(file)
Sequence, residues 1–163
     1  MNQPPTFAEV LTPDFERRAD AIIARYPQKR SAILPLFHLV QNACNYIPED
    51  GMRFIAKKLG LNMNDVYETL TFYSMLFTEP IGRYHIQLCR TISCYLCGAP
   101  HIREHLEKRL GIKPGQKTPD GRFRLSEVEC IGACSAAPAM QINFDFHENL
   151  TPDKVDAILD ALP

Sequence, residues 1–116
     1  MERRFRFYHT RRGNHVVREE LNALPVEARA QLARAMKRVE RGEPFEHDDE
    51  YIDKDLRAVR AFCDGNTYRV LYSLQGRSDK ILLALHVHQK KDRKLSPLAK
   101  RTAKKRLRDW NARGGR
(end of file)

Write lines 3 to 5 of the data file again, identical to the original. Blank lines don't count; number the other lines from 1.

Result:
    51  GMRFIAKKLG LNMNDVYETL TFYSMLFTEP IGRYHIQLCR TISCYLCGAP
   101  HIREHLEKRL GIKPGQKTPD GRFRLSEVEC IGACSAAPAM QINFDFHENL
   151  TPDKVDAILD ALP